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2021 Handbook of Florida Water Regulation: Notes and Glossary

Michael T. Olexa, Tatiana Borisova, and Jana Caracciolo


This handbook is designed to provide an accurate, current, and authoritative summary of the principal federal and state (Florida) laws that directly or indirectly relate to agriculture. This handbook provides a basic overview of the many rights and responsibilities that farmers and farmland owners have under both federal and state laws as well as the appropriate contact information to obtain more detailed information. However, the reader should be aware that because the laws, administrative rulings, and court decisions on which this handbook is based are subject to constant revision, portions of this publication could become outdated at any time. Several details of cited laws are also left out due to space limitations. This handbook is provided as an educational text for those interested in water use and water resource issues in Florida.

This handbook is distributed with the understanding that the authors are not engaged in rendering legal or other professional advice, and the information contained herein should not be regarded as a substitute for professional advice. This handbook is not all inclusive in providing information to achieve compliance with the federal and state laws and regulations governing water protection. For these reasons, the use of these materials by any person constitutes an agreement to hold harmless the authors, the UF/IFAS Center for Agricultural and Natural Resource Law, and UF/IFAS Extension for any liability claims, damages, or expenses that may be incurred by any person as a result of reference to or reliance on the information contained in this handbook. Note: UF/IFAS is the acronym for University of Florida, Institute of Food and Agricultural Sciences.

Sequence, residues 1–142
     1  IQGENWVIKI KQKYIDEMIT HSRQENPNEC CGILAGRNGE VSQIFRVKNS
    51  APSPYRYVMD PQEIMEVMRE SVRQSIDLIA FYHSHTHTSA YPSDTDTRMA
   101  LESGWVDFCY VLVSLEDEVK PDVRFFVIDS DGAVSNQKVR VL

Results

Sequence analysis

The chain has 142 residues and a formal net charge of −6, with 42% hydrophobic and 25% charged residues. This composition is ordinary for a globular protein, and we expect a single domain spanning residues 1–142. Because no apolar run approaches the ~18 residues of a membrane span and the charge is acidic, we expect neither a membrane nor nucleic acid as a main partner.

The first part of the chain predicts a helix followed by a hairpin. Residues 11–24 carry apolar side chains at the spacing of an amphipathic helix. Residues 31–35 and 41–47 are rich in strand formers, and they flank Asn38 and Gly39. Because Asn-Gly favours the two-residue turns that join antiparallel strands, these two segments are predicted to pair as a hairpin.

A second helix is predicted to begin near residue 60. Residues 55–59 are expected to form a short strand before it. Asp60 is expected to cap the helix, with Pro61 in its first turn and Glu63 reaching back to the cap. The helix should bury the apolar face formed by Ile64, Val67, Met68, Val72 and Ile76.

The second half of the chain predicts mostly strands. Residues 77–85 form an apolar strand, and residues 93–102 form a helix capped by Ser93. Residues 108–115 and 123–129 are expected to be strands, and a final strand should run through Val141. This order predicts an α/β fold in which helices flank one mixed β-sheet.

The Environmental Information Service Center can connect anyone to Region 4 or assist with agency-related questions Monday through Friday, from 8:00 AM to 5:00 PM at (404) 562-9900 or (800) 241-1754.


AD VALOREM TAX—tax imposed on the value of property

APPURTENANT—any artificial improvement to a dam that might affect the safety of such dam, or when employed might affect the holding capacity of such dam or reservoir, or impoundment created by such dam

ARRANGERS—anyone involved in arranging for the transportation of hazardous waste, such as a middle man who contacted the transporter to ship the hazardous waste, etc.

AQUIFER—vast underground, porous rocks that hold water and allow water to move through the holes within the rock (

BASIN BOARDS—water management board with authority to develop water use plans

BEST MANAGEMENT PRACTICES (BMP)—management and cultural practices designed to efficiently use and conserve the land or improve water quality in agricultural and urban discharges

BLACKWATER—residential wastewater from toilets or kitchens

BROWNFIELD SITE—real property, the expansion, redevelopment, or reuse of which may be complicated by the presence or potential presence of a hazardous substance, pollutant, or contaminant

BYPRODUCT MATERIAL—any radioactive material (except special nuclear material) yielded in or made radioactive by exposure to the radiation incident to the process of producing or using special nuclear material; ...any discrete source of radium-266 that is produced, extracted, or converted after extraction... for use for a commercial, medical, or research activity; or any material that has been made radioactive by use of a particle accelerator and is produced, extracted, or converted after extraction... for use for a commercial, medical, or research activity (United States Nuclear Regulatory Commission,

CARCINOGEN—an agent that has been scientifically proven to cause cancer

CLOSED SYSTEM—a system that exchanges neither matter nor energy with its surroundings